in dogs increases coronary vascular nitric oxide production and endothelial cell nitric oxide synthase gene expression. Circ. Res
. 1994; 74(2):349–53.
75. Wang J, Wolin MS, Hintze TH. Chronic exercise
enhances endothelium-mediated dilation of epicardial coronary artery in conscious dogs. Circ. Res
. 1993; 73(5):829–38.
76. Sun D, Huang A, Koller A, Kaley G. Adaptation of flow-induced dilation of arterioles to daily exercise
. Microvasc. Res
. 1998; 56(1):54–61.
77. Olver TD, Reid SM, Smith AR, et al. Effects of acute and chronic interval sprint exercise
performed on a manually propelled treadmill on upper limb vascular mechanics in healthy young men. Physiol. Rep
. 2016; 4(13):pii: e12861.
78. Delp MD, Laughlin MH. Time course of enhanced endothelium-mediated dilation in aorta of trained rats. Med. Sci. Sport Exerc
. 1997; 1454–61.
79. Delp MD, Mcallister RM, Harold MH. Exercise
training alters aortic vascular reactivity in hypothyroid rats. Am. J. Physiol. Heart Circ. Physiol
. 1995; 268(19):H1428–35.
80. Delp MD, McAllister RM, Laughlin MH. Exercise
training alters endothelium-dependent vasoreactivity of rat abdominal aorta. J. Appl. Physiol
. 1993; 75(3):1354–63.
81. Koller A, Huang A, Sun D, Kaley G. Exercise
training augments flow-dependent dilation in rat skeletal muscle
arterioles. Role of endothelial nitric oxide and prostaglandins. Circ. Res
. 1995; 76:544–50.
82. Laughlin MH, Pollock JS, Amann JF, Hollis ML, Woodman CR, Price EM. Training induces nonuniform increases in eNOS content along the coronary arterial tree. J. Appl. Physiol
. 2001; 90(2):501–10.
83. McAllister RM, Laughlin MH. Short-term exercise
training alters responses of porcine femoral and brachial arteries. J. Appl. Physiol
. 1997; 82(5):1438–44.
84. Muller JM, Myers PR, Laughlin MH. Vasodilator responses of coronary resistance arteries of exercise
- trained pigs. Circulation
. 1994; 89(5):2308–14.
85. Sexton WL, Korthuis RJ, Laughlin MH. High-intensity exercise
training increases vascular transport capacity of rat hindquarters. Am. J. Physiol
. 1988; 254(2 Pt 2):H274–8.
86. Bevegård BS, Shepherd JT. Reaction in man of resistance and capacity vessels in forearm and hand to leg exercise
. J. Appl. Physiol
. 1966; 21(1):123–32.
87. Clausen JP, Trap-Jensen J. Effects of training on the distribution of cardiac output in patients with coronary artery disease. Circulation
. 1970; 42(4):611–24.
88. Rowell LB. Human Cardiovascular Control
. New York (NY): Oxford University Press; 1993.
89. Gute D, Fraga C, Laughlin MH, Amann JF. Regional changes in capillary supply in skeletal muscle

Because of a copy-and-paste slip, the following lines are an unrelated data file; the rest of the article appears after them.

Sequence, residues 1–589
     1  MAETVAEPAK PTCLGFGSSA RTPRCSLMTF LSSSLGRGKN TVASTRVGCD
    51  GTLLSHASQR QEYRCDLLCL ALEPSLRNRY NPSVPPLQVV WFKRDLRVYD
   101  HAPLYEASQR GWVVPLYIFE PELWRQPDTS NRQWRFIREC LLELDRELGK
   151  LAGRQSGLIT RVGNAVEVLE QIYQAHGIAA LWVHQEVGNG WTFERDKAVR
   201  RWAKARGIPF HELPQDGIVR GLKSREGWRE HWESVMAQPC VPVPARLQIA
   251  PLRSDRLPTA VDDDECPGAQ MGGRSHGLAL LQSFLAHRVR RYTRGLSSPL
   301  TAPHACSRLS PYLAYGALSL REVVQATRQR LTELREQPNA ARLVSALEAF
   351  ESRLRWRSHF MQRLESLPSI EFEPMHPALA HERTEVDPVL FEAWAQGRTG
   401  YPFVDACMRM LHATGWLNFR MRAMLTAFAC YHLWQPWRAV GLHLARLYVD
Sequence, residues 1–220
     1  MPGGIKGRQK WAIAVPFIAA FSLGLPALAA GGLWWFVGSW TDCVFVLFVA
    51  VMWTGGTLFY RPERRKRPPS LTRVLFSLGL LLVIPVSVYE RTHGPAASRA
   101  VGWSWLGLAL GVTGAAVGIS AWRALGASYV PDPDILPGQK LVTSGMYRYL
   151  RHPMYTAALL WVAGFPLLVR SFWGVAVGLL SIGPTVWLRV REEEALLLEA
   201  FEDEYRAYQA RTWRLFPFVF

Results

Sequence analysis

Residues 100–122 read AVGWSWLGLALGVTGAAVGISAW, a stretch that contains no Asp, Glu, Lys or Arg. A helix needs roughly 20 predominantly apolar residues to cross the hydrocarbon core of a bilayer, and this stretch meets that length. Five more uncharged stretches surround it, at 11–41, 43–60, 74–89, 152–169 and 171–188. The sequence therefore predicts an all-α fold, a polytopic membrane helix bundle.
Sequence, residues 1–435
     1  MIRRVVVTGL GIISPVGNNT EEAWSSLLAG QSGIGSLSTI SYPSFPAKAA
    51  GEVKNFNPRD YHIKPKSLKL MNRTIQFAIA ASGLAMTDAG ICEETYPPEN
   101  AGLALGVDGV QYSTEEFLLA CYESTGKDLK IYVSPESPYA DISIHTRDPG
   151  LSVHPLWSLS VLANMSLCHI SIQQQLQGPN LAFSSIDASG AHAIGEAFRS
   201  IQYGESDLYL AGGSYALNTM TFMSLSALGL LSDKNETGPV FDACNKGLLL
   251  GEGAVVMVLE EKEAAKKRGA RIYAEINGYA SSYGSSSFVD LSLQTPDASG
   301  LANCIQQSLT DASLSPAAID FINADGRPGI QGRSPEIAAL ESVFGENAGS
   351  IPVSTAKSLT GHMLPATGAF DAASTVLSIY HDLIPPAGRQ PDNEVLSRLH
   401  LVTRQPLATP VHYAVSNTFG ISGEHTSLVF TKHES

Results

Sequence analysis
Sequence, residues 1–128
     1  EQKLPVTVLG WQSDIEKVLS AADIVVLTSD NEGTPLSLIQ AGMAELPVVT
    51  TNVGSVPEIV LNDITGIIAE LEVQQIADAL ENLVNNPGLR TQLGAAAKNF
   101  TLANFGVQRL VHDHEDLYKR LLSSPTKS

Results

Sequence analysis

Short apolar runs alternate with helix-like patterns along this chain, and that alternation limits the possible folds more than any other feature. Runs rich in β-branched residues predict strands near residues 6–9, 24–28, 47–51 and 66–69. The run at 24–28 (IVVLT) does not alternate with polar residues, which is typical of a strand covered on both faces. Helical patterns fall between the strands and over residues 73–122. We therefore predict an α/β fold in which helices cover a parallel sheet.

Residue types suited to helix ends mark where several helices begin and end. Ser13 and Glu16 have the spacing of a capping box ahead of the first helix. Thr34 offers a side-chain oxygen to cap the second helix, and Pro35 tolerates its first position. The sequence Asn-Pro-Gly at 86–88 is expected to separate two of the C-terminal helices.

of high-intensity endurance-trained rats. J. Appl. Physiol
. 1996; 81(2):619–26.
90. Gute D, Laughlin MH, Amann JF. Regional changes in capillary supply in skeletal muscle
of interval-sprint and low-intensity, endurance-trained rats. Microcirculation
. 1994; 1:183–93.
91. Mackie BG, Terjung RL. Blood flow
to different skeletal muscle
fiber types during contraction. Am. J. Physiol. Heart Circ. Physiol
. 1983; 245(2):H265–75.
92. Edgerton VR, Smith JL, Simpson DR. Muscle fibre type populations of human leg muscles. Histochem. J
. 1975; 7(3):259–66.
93. Dwyer D, Browning J, Weinstein S. The reliability of muscle biopsies taken from vastus lateralis. J. Sci. Med. Sport
. 1999; 2(4):333–40.
94. Dela F, Larsen JJ, Mikines KJ, Ploug T, Petersen LN. Insulin-stimulated muscle glucose clearance in patients with NIDDM. Effects of one-legged physical training. Diabetes
. 1995; 44:1010–20.
95. Holten MK, Zacho M, Gaster M, Juel C, Wojtaszewski JF, Dela F. Strength training increases insulin-mediated glucose uptake, GLUT4 content, and insulin signaling in skeletal muscle
in patients with type 2 diabetes. Diabetes
. 2004; 53:294–305.
96. Dela F, Mikines KJ, Larsen JJ, Galbo H. Training-induced enhancement of insulin action in human skeletal muscle
: the influence of aging. J. Gerontol. A Biol. Sci. Med. Sci
. 1996; 51(4):B247–52.
97. Sjøberg KA, Frøsig C, Kjøbsted R, et al. Exercise
increases human skeletal muscle
insulin sensitivity via coordinated increases in microvascular perfusion and molecular signaling. Diabetes
. 2017; 66(6):1501–10.
98. Eskelinen J-J, Heinonen I, Löyttyniemi E, et al. Muscle-specific glucose and free fatty acid uptake after sprint interval and moderate intensity training in healthy middle-aged men. J. Appl. Physiol
. 2015; 118:1172–80.
99. McDonald MW, Olver TD, Dotzert MS, et al. Aerobic exercise
training improves insulin-induced vasorelaxation in a vessel-specific manner in insulin-treated experimental diabetes. Diabetes Vasc. Dis. Res
. 2019; 16(1): 77–86.
100. Walsh L, Ghiarone T, Olver TD, et al. Increased endothelial shear stress
improves insulin-stimulated vasodilation in skeletal muscle
. J. Physiol
. 2019; 597(1):57–69.
101. Wagenmakers AJ, Strauss JA, Shepherd SO, Keske MA, Cocks M. Increased muscle blood supply and transendothelial nutrient and insulin transport induced by food intake and exercise
: Effect of obesity and ageing. J. Physiol